In this Friday, Jan. 26, 2018, photo, Coincheck President Koichiro Wada, left, bows in apology at the beginning of a news conference in Tokyo. Japanese media say the Coincheck exchange has lost 58 billion yen ($530 million) in cryptocurrency because of hacking. (Takuya Inaba/Kyodo News via AP)
INTERNATIONAL - Japan's financial regulator said yesterday that it would inspect all cryptocurrency exchanges and ordered Coincheck to get its act together after hackers stole $530million worth of digital money from its exchange in one of the biggest cyberheists on record.

The theft highlights the vulnerabilities in trading an asset that global policymakers are struggling to regulate and the broader risks for Japan as it aims to leverage the fintech industry to stimulate economic growth.

The Financial Services Agency (FSA) yesterday ordered improvements to operations at Tokyo-based Coincheck, which on Friday suspended trading in all cryptocurrencies except Bitcoin after hackers stole 58 billion yen (R6.41bn) of NEM coins, among the most popular digital currencies in the world.

Coincheck said on Sunday that it would return about 90 percent with internal funds, though it has yet to figure out how or when.

The NEM coins were stored in a “hot wallet” instead of the more secure “cold wallet”, which operates on platforms not directly connected to the internet, Coincheck said. It also does not use an extra layer of security known as a multisignature system. The hack has drawn into focus Japan’s approach to regulating cryptocurrency exchanges. Last year, it became the first country to regulate exchanges at the national level - a move that won praise for boosting innovation and protecting consumers, and that contrasts sharply with crackdowns in South Korea and China.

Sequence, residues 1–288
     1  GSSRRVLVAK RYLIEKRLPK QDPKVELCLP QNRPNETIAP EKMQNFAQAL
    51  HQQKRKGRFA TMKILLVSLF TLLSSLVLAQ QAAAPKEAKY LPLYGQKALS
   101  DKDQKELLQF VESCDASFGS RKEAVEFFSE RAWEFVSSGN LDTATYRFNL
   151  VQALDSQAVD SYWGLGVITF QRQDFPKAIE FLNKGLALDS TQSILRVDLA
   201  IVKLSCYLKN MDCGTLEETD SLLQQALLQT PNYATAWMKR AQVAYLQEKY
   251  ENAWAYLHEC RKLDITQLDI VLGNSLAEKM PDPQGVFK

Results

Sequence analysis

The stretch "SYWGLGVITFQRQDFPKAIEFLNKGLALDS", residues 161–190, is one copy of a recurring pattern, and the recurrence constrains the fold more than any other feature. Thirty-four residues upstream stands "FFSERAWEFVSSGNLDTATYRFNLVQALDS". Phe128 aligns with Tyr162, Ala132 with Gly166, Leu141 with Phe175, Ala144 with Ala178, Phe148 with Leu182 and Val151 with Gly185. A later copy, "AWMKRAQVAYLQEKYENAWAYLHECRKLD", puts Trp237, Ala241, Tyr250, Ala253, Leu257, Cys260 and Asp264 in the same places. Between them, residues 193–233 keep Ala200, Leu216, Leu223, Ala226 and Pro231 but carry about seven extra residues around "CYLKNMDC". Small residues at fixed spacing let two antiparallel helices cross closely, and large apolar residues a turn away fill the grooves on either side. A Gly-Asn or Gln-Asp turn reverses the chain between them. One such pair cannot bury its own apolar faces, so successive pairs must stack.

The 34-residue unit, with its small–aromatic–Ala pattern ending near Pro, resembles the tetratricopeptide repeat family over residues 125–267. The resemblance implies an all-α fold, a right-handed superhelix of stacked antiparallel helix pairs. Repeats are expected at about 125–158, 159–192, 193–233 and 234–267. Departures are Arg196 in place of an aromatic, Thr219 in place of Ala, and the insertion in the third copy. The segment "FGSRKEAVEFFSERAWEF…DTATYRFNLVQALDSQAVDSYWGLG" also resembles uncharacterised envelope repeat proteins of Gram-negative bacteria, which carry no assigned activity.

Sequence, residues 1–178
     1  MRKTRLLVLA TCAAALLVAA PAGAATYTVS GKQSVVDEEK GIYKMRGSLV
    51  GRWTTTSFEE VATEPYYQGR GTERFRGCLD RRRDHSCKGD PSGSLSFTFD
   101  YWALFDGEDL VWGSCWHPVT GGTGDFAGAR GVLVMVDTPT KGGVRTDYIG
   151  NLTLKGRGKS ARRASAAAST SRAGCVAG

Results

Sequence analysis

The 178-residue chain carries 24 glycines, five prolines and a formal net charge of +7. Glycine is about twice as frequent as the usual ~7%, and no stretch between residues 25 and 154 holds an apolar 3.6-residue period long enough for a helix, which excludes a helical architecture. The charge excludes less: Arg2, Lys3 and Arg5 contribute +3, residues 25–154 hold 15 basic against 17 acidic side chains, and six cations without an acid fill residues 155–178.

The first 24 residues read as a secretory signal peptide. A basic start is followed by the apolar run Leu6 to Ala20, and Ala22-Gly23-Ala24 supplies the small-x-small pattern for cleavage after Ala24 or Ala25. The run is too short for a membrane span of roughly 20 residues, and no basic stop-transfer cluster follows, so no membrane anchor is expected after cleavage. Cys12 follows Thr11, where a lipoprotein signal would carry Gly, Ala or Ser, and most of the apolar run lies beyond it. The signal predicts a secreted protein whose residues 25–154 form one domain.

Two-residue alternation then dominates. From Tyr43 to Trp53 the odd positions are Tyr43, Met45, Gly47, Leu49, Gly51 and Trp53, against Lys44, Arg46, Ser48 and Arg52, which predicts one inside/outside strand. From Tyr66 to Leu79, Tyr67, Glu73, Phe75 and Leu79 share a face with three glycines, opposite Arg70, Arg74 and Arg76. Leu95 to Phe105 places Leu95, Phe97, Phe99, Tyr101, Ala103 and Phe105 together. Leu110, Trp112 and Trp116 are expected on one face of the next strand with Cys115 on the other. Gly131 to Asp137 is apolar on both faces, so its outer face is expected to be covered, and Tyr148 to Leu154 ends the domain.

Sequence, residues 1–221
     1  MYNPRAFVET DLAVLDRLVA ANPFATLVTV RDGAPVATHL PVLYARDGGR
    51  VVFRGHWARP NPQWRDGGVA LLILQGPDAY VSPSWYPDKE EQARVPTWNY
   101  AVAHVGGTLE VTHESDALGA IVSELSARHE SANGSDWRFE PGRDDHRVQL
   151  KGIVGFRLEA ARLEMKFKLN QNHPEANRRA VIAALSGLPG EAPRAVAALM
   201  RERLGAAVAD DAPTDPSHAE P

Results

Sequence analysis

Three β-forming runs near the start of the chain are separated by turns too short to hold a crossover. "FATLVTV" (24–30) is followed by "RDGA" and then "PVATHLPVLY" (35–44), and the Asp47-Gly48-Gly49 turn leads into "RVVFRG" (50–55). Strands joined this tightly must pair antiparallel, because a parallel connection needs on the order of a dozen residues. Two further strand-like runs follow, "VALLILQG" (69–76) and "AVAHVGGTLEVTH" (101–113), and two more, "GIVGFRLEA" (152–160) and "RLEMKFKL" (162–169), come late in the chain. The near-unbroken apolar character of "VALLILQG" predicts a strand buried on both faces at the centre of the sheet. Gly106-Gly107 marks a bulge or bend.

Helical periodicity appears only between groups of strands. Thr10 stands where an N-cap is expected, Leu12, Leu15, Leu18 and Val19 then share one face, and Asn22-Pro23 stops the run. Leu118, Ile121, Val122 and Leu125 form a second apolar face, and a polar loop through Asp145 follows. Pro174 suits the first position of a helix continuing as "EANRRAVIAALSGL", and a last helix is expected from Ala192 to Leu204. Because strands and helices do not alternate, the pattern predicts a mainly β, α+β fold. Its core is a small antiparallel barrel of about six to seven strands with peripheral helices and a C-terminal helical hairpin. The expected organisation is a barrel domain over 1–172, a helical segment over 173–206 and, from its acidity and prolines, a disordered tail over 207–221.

Inspections

The FSA said it ordered Coincheck to submit a report on the hack and measures for preventing a recurrence by February 13, and that it would, if necessary, conduct on-site inspections of other cryptocurrency exchanges.

The regulator also said it had yet to confirm whether Coincheck had sufficient funds for the reimbursement.

But the regulator does not have any rules banning the use of “hot wallets” by exchanges, nor does it set requirements on how much should be kept in “cold wallets,” an FSA official said at a briefing.

In response to FSA’s order for improvements, Coincheck said in a statement that it would promptly strengthen its customer protection and governance, and develop its risk management systems.

Japan started to require cryptocurrency exchange operators to register with the government only in April 2017, allowing pre-existing operators such as Coincheck to continue offering services ahead of formal registration.

The FSA has registered 16 cryptocurrency exchanges so far, and another 16 are still awaiting clearance. Coincheck’s application was made in September.

“It’s been long said that cryptocurrencies are a solid system but cryptocurrency exchanges are not,” said Makoto Sakuma, research fellow at NLI Research Institute.

“This incident showed that the problem has not been solved at all. If Coincheck screws up its crisis management, that could deal a blow to current cryptocurrency fever.”

NEM fell to $0.78 from $1.01 on Friday but recovered to $0.95 late yesterday afternoon, according to CoinMarketCap. Crypto-currency related shares mostly rose in Tokyo, with GMO Internet, which offers cryptocurrency exchange services, gaining 5.7percent. 

- REUTERS